Addressing Racist History
Petition to Seminole High School Students
Change Seminole High School’s Mascot
For years, Seminole High School students and staff have been sporting Native American headdresses at football games and other school events. The mascot of this Sanford, Florida high school is a Seminole man. Being a former student at Seminole High School, I have experienced this firsthand. I have not once learned about the Seminole tribe during my 4 years at Seminole High School, yet almost every building is given a name like “Tomahawk” or “Tribe Hall” and a headdress made of cheap plastic feathers and face paint is commonplace. The use of the Native American people as mascots is harmful, and is seen as disrespectful by actual Natives. According to the National Congress of American Indians, which is “one of the nation’s oldest, largest, and most representative American Indian and Alaska Native advocacy organizations,” they have “held a clear position against derogatory and harmful stereotypes of Native people—including sports mascots—in media and popular culture.” To the staff at Seminole High School, you can not disregard the disrespect and concern Native people feel over these caricatures. Using a group of people as a mascot is inherently problematic; no other race of people would be seen as an acceptable mascot, as it is incredibly disrespectful. These caricatures are not “honoring” Natives, they are “perpetuatingnegative stereotypes” and “contributing to a disregard for the personhood of Native peoples.” (NCAI) It is ironic that a school that prides itself on its diverse student population is represented by a mascot that is exemplary of cultural appropriation. While you cannot erase your past, please consider, going forward, utilizing a representative that is progressive, inclusive, and respectful of all.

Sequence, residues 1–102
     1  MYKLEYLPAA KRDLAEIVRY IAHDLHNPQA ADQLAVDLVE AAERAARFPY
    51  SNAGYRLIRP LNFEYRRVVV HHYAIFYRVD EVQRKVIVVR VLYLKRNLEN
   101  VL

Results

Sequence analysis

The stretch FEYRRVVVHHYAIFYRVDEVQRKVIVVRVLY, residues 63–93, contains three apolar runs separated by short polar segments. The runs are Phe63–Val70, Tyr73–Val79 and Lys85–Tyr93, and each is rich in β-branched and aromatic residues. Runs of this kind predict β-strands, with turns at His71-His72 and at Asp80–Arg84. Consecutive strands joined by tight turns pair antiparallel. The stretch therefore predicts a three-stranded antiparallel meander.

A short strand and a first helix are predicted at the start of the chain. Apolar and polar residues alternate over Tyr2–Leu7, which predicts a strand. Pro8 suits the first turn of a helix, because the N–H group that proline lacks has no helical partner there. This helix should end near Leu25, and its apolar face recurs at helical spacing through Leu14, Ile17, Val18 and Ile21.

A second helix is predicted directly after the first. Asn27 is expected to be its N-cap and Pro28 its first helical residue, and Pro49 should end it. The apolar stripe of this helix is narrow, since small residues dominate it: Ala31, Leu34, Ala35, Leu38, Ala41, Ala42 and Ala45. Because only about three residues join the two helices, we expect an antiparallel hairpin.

Petition to Kay Ivey
Rename the Edmund Pettus Bridge after Rep John Lewis